Our observations found a correlation between resistin gene polymorphism at -420 (C>G) and T2DM. In the present study, the presence of the CC genotype was two times more in subjects with T2DM than in healthy people. Also, diabetic patients with CC genotype had the highest fasting blood glucose and the lowest HbA1C levels among studied patients with other genotypes, but these differences were not statistically significant (P ≥ 0.05). Also, our observations showed no association between this polymorphism in T2DM and higher resistin concentration. In addition, the frequency of the C allele in the diabetic group was higher than that of the control group.

Of nine studies that analyzed the -420C/G polymorphism (15, 26, 28-35), four reported significant correlations with quantitative traits, all in T2DM subjects. In three studies, the C allele was correlated with reductions in weight-linked variables (15, 26, 28). In the fourth study, the C/C genotype of the -420C/G polymorphism was correlated with reduced SI in the interaction with BMI (29). In the study by Ukkola et al. on non-diabetic and hypertensive individuals, they found fasting blood glucose, HbA1 levels, and LDL levels were higher in subjects with CC genotype than in other genotype carriers, but these differences were not statically significant (33). In addition, in a study by Wang et al. on a Caucasian population, the CC genotype was related to lower insulin sensitivity compared to the CG genotype in the -420 region. These two studies indicate that C alleles in the -420 region are associated with obesity and diabetes phenotypes, in line with our study (29). Although several studies in China (34), Japan (7, 14), and Quebec (28) showed a relationship between the -420 G allele and high levels of glucose and type 2 diabetes, there was no significant association between -420 genotypes and type 2 diabetes and insulin resistance in the study by Norata et al. (6). In the present study, the age of diabetes was lower in individuals with CC genotype than in individuals with other genotypes, but this difference was not statistically significant; this result is in line with a previous study from Iran (15). In contrast, the results of a study by Ochi et al. showed that people with GG genotype in the -420 resistin gene were affected by type 2 diabetes at an earlier age (34). Overall, these results propose an intricate association between the resistin genotype and phenotypes linked to insulin resistance and obesity.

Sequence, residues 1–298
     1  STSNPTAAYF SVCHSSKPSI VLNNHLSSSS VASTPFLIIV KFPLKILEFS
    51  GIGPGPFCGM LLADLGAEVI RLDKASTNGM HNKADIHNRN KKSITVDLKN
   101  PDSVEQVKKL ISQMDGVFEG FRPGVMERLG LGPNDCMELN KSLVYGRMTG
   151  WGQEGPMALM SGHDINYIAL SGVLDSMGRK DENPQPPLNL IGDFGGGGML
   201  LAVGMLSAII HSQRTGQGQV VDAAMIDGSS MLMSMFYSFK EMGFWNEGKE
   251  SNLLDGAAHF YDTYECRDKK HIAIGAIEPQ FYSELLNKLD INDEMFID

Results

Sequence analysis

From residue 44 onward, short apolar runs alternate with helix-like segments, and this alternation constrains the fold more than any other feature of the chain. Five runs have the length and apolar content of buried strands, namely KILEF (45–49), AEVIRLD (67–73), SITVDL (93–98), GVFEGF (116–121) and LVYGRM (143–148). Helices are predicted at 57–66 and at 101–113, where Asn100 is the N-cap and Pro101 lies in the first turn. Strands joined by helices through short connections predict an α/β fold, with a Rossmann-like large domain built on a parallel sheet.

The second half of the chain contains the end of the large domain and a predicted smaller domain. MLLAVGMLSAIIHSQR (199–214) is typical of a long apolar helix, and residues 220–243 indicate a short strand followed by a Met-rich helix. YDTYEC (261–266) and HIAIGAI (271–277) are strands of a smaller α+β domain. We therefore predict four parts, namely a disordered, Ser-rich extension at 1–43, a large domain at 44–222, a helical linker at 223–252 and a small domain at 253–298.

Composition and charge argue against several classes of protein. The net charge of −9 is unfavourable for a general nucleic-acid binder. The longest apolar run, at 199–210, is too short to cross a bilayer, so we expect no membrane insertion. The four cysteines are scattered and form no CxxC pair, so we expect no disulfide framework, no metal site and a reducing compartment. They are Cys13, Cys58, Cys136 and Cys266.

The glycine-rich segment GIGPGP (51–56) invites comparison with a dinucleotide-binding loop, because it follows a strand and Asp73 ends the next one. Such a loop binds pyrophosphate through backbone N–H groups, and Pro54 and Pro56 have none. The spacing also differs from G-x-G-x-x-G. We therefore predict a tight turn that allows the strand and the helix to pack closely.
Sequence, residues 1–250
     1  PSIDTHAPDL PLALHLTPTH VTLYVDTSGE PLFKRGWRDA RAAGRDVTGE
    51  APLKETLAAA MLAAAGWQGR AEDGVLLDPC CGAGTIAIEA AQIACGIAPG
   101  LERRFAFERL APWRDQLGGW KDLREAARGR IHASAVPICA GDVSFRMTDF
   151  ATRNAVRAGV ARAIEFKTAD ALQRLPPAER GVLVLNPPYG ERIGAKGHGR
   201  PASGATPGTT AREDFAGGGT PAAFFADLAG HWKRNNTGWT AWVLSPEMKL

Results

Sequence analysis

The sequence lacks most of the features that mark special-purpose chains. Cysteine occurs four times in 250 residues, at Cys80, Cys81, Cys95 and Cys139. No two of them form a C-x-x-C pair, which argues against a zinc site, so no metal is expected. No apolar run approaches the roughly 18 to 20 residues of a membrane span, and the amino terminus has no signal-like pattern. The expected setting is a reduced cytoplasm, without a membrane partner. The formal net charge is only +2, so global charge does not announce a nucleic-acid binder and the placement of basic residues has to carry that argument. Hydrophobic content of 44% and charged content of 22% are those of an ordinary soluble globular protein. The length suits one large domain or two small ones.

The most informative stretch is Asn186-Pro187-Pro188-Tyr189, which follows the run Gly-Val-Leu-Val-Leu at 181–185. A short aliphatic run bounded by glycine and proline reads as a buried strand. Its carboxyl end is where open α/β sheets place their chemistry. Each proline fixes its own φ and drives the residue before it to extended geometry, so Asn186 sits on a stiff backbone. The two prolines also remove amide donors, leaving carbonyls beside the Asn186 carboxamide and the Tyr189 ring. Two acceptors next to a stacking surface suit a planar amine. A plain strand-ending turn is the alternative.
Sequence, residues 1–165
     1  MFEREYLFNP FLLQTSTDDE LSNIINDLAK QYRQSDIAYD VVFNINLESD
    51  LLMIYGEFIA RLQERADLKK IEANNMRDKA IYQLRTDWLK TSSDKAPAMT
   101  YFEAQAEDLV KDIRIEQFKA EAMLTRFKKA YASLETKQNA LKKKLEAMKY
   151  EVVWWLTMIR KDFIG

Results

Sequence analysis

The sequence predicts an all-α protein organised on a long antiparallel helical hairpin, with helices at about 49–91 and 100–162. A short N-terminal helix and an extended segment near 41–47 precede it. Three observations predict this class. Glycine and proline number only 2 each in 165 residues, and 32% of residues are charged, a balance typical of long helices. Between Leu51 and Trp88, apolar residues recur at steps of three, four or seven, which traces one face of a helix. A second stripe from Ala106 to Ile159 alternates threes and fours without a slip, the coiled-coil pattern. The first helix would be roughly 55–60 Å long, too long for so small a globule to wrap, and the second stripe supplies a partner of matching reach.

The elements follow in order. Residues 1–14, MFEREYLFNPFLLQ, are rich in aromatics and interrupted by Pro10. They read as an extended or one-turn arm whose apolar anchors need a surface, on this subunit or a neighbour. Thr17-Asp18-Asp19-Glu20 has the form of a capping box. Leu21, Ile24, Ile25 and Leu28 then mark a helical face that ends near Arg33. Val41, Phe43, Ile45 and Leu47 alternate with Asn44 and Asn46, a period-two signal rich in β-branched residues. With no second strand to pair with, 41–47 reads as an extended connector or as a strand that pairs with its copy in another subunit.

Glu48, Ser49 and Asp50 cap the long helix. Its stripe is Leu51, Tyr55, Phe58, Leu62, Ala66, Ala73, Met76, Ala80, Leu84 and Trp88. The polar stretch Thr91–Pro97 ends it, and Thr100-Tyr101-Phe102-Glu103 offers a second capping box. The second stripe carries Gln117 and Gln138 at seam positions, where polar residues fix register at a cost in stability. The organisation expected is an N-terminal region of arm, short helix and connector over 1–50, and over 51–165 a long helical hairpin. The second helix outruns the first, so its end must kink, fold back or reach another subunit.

As previously noted, there is a contradiction between the findings of various studies about the involvement of the -420C/G polymorphism in the resistin gene promoter region in the pathogenesis of insulin resistance and diabetes. The contradictory results in the present study and other studies may be attributed to some factors including the design of the study, sample size, ethnicity, and the age distribution of cases and controls. Also, the interaction between resistin gene and other involved genes in diabetes etiology and environmental factors could clarify this discrepancy in the findings.

5.1. Conclusions

In summary, our findings demonstrated that the CC genotype, as compared to the CG and GG genotypes, was correlated with increased risk of T2DM. Further studies are warranted to fully explain the function of the resistin gene in T2DM etiology in other populations with large sample sizes and determine how the resistin polymorphism at -420 (C>G) can affect resistin gene expression.